So, while your response frustrates me, because I don’t think you “get” what I’m really doing, I truly appreciate you reading my stuff at a more rigorous level. Most of my friends who read this blog are not data science nerds 🙂

    Jacob Walker

    24 Sep 15 at 5:13 pm

  3. Ok, I read your proposal, and here’s some feedback:

    You are right. You need to use simple regression rather than multivariate regression since randomly associating more than one independent variable with a dependent variable would introduce the problem of direct dependencies and co-dependencies between independent variables. For example, a normal multiple regression model has to be constructed very carefully using rational judgement to ensure that the independent variables are not influencing each other. In your methodology, you don’t have the luxury to rationally determine the potential for dependency since you basically are going to generate an analysis of every possible relationship, some with heavy dependencies and other without. OK, I get it.

    Co-dependency is still a problem with simple regression. For example, if A causes a reaction in B, and A also causes a reaction in C, then regressing B against C may indicate that B causes a reaction in C, which in reality is erroneous since the observed B-C reaction is really attributed to A influencing both B and C simultaneously. You might want to build in automated means to flag these circumstances, which may be difficult to do.

    Your data point database will actually be rather small. There are approximately 200 countries in the world. If you gather 100 facts for each, then you will have only 20,000 records. If you up that to 1,000 facts for each country, you still only have 200,000 records. If you maintain five years of monthly data to feed your regressions, then multiply each of these scenarios by 60, giving you 120,000 and 12,000,000 records respectively, easily capable of being handled by a modern efficient DBMS.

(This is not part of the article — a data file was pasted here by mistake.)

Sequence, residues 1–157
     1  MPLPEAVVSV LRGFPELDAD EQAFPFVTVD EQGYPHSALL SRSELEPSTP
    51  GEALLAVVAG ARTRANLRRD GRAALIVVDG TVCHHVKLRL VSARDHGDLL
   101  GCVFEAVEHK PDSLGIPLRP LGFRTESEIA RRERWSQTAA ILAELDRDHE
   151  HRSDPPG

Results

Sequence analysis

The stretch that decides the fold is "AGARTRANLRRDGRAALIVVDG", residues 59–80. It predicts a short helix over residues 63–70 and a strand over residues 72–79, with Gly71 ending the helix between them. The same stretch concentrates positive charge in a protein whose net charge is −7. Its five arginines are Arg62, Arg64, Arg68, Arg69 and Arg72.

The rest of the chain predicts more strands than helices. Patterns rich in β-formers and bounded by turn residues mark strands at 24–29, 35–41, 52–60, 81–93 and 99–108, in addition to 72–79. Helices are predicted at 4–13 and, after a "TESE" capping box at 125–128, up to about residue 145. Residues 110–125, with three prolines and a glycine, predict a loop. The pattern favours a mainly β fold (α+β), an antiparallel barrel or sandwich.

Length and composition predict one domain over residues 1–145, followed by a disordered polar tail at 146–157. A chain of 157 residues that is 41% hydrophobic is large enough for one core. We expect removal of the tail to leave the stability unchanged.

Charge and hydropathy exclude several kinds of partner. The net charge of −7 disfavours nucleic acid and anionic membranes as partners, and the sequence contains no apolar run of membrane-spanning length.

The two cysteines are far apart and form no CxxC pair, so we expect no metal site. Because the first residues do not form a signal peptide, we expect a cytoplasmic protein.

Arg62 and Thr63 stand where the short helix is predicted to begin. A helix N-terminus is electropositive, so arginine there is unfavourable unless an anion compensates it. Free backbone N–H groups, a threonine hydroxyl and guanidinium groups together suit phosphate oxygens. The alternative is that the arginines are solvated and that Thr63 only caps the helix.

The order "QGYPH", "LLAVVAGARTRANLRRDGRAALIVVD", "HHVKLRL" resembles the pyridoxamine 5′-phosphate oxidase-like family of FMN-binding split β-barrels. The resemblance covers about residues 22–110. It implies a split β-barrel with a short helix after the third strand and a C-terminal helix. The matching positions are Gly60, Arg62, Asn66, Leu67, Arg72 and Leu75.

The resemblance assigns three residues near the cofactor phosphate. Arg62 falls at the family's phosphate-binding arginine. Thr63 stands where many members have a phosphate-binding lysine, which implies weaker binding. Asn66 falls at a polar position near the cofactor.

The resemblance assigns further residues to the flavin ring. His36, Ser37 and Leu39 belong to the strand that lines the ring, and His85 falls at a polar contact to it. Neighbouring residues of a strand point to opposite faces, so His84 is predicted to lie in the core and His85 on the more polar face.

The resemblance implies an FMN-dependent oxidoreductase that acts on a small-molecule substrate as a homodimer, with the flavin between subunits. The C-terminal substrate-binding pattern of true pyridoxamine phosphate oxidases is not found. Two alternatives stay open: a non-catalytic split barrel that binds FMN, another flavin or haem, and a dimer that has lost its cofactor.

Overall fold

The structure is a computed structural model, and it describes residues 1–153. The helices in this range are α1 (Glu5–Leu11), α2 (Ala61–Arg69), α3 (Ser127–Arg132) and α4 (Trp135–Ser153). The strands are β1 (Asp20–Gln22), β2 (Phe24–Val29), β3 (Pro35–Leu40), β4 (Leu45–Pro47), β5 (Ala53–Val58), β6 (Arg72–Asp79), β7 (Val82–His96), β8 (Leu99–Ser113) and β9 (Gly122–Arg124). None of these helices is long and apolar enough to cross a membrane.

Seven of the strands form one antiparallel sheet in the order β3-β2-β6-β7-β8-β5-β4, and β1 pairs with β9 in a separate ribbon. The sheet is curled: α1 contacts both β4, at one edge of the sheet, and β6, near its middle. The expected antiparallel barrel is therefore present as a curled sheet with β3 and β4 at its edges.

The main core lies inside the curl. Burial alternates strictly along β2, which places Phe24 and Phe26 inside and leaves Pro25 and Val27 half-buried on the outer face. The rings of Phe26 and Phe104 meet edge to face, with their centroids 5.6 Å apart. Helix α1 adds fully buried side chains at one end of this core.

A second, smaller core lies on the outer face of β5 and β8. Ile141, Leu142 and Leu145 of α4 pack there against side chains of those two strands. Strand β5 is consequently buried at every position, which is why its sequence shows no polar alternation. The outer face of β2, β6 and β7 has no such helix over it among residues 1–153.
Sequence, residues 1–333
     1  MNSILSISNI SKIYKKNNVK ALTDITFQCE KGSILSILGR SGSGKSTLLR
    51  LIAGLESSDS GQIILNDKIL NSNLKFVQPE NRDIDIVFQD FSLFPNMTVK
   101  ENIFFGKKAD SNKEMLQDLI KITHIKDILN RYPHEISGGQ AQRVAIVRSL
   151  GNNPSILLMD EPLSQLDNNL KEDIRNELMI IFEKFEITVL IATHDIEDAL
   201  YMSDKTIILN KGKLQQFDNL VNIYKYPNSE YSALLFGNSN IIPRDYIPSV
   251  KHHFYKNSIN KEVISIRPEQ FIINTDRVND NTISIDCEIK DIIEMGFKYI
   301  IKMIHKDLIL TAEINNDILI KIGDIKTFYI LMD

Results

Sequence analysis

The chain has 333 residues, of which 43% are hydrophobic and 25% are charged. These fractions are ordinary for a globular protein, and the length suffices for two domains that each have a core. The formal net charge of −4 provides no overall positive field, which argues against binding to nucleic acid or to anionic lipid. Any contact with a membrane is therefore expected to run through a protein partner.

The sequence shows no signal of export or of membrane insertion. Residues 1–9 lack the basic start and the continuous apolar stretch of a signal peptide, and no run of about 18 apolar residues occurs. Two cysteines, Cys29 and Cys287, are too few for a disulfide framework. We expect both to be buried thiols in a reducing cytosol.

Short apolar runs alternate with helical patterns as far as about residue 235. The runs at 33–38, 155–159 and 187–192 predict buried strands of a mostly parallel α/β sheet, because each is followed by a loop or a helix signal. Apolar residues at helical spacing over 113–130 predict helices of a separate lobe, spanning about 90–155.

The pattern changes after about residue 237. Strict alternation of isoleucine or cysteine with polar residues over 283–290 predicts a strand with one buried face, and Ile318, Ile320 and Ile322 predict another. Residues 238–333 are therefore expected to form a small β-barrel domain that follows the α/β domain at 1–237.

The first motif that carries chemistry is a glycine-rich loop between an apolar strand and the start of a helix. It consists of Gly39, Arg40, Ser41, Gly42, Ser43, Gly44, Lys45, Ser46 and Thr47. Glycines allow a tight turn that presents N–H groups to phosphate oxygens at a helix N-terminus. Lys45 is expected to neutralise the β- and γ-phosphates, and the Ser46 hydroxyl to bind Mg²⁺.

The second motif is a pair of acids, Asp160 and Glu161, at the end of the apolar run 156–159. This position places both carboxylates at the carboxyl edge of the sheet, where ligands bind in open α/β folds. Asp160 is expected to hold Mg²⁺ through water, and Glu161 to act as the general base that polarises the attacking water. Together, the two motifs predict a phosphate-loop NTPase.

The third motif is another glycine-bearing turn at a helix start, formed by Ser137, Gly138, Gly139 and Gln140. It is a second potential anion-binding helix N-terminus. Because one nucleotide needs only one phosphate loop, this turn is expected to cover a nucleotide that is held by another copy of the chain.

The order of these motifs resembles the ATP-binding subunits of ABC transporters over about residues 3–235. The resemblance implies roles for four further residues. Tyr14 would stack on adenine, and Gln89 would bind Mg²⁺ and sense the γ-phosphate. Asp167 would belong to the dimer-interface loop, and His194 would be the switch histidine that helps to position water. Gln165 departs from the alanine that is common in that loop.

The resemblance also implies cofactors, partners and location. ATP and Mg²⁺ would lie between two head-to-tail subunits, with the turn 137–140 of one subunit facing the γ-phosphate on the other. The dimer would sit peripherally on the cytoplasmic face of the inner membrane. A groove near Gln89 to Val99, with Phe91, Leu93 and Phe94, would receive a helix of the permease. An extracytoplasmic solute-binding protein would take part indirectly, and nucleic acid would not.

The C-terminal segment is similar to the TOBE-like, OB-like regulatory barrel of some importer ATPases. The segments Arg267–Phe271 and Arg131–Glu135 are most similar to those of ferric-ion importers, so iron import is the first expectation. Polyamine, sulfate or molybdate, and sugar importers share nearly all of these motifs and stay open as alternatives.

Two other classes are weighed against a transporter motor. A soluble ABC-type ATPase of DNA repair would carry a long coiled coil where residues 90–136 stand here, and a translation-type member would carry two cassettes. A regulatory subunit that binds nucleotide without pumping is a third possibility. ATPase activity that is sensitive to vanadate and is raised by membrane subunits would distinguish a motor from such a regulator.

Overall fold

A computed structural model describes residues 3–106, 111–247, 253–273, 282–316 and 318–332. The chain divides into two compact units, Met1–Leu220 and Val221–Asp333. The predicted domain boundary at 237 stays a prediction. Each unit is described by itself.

The real problem is the number of possible relationships between variables, which could be enormous. I suspect that for the case of 100 facts for each country, you will have (100*100)/2 relationships * 200 countries, meaning 1,000,000 relationships to analyze. And for 1000 facts, you will have (1000*1000)/2 * 200 countries, meaning 100,000,000 relationships to analyze. My math might be a bit off, but you get the idea. The issue is that you will need a large repository to store the results, which will take up substantially more space that the data points themselves.

    Because of this enormous storage of results issue, Excel is clearly not the way to go. You need a real DBMS. With a large number of records, you need indexes for efficient processing for both batch analysis and retrieval of individual results. Only a DBMS will allow you to to do this.

    Also, you need to use a fully normalized database since denormalizing will exacerbate the storage problem even further. There is no advantage to denormalized databases other than speed for sequential retrieval of large numbers of records.

    The problem with denormalization is that you ALWAYS loose flexibility in using data. I have an extensive background in Data Warehousing involving both fully normalized data warehouses and denormalized datamarts, and can tell you from experience that under conditions of uncertainty, where you don’t initially know how the data will be used, the best choice is always normalization. Denormalization in the real world is usually implemented when you have a specific application that accesses data (in a datamart for example) in a more-or-less done fixed manner, which in turn can be optimized for performance.

    Also, you will need TWO database, one to store the observed data points, and a second to store the results of each individual analysis, including at minimum the regression coefficient and correlation coefficient for each relationship. Since you will have millions of results any way you cut it, you will need a database to contain the results so that they can be efficiently queried.